The return of the missile debris has also been confirmed by the United States’ 18th Space Observation Squadron, which is dedicated to tracking artificial objects in Earth orbit.
The missile’s unsupervised re-entry into Earth caused concern, although Chinese authorities and independent experts have warned that the risk of debris falling into a populated area is extremely low.
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China launched Long March 5B on April 29 to put part of the space station that that country is building into orbit. Several American and European tracking sites were monitoring the return of the missile, But it was not possible to determine whether it would disintegrate upon entry. Also, it was not possible to pinpoint the exact location of the potential debris falling.
Down to earth
Chinese state media, citing Reuters, reported that most of the Long March 5B components had disintegrated upon entering Earth’s atmosphere and fell into debris in the Indian Ocean.
The debris of the missile entered the atmosphere at 10:24 a.m. Beijing time (02:24 GMT) on Sunday. The coordinates specify the location of the point of impact in the Indian Ocean, in North of the archipelago of the Maldives, located southwest of Sri Lanka, 600 km from India.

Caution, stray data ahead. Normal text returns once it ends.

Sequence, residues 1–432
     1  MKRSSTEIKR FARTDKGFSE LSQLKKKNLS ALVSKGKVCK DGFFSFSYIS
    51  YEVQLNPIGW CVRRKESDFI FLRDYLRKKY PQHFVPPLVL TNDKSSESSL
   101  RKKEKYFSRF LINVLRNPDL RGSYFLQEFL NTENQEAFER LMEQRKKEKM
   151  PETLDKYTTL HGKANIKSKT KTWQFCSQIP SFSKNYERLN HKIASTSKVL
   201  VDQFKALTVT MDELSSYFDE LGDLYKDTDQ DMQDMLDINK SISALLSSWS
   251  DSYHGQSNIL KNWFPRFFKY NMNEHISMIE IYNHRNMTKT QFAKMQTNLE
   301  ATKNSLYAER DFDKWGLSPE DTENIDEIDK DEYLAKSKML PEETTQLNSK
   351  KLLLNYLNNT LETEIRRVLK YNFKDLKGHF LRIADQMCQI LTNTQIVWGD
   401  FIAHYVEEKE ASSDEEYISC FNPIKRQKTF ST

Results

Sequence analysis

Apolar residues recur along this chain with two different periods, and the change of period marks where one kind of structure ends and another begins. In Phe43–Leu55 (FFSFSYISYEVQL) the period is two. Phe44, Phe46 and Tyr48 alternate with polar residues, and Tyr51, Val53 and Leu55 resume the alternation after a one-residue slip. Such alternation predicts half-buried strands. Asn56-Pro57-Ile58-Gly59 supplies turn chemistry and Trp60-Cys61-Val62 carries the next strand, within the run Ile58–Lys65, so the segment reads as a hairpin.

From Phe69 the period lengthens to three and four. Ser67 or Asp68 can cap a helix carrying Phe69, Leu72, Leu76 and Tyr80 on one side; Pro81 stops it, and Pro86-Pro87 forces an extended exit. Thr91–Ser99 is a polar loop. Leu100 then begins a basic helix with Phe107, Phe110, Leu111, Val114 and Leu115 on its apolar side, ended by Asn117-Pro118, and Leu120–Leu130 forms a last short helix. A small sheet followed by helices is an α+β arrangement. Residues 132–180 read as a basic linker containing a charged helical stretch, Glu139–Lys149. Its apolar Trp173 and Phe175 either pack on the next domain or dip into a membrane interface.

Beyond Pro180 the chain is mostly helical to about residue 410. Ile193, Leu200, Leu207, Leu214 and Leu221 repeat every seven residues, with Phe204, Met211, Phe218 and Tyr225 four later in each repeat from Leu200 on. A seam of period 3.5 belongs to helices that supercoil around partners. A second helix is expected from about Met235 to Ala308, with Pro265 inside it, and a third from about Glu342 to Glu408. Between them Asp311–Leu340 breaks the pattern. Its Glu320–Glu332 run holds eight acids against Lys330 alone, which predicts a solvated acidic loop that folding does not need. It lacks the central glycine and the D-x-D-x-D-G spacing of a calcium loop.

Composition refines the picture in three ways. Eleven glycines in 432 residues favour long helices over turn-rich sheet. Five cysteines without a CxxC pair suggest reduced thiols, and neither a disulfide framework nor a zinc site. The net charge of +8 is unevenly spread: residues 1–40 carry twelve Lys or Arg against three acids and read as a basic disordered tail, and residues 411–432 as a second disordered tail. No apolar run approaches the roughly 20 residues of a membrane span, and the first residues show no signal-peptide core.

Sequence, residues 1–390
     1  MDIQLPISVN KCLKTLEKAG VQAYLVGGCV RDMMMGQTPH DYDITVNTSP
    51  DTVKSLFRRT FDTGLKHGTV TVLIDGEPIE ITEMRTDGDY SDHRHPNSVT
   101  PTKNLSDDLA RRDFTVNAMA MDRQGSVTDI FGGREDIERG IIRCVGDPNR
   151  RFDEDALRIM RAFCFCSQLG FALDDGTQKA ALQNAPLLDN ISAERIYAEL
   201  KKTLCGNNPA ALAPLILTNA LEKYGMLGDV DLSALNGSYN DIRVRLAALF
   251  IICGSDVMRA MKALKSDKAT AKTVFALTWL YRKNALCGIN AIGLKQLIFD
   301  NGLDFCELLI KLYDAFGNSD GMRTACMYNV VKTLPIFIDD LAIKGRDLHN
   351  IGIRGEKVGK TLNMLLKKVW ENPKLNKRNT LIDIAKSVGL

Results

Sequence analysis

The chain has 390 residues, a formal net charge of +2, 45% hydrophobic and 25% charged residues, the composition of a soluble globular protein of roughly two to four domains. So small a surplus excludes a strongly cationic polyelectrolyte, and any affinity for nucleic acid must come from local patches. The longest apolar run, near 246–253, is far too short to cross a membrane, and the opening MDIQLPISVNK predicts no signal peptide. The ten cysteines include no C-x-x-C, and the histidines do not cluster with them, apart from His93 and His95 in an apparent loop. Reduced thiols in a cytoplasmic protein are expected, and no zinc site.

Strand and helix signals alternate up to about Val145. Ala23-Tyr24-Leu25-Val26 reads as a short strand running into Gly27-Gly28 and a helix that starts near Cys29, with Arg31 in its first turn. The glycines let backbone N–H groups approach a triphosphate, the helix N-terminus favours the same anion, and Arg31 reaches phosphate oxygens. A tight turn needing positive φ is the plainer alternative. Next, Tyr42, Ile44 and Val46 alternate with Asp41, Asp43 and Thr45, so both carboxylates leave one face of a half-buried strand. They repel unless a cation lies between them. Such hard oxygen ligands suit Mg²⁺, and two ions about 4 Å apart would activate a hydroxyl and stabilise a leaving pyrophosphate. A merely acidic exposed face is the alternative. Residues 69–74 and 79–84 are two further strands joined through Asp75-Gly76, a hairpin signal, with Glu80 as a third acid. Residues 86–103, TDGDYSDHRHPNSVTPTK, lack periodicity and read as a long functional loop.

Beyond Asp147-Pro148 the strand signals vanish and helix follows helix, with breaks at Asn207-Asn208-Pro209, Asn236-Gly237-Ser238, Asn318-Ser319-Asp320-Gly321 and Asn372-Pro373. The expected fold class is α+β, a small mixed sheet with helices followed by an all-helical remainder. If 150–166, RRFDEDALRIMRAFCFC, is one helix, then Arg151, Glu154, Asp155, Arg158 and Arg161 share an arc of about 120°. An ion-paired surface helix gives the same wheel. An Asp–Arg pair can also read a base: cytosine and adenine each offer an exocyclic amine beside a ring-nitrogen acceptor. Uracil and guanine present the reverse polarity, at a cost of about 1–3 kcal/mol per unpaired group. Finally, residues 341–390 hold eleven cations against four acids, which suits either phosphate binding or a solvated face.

Long March 5B mission
On April 29, China used the rocket to put part of its space station into orbit for the past week. The space station of the Asian giant will be assembled from several units that will be sent at different times.
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China hopes to have it fully operational by the end of 2022.
To get its space station ready on schedule, China has set a tight schedule for 11 launches over the next two years.
The T-shaped station is set to operate for 10 years and its life can be extended to 15 years with proper repair and maintenance, according to the Chinese Academy of Space Technology.
It is expected to be the only operational station in open orbit to foreign partners after the International Space Station’s withdrawal.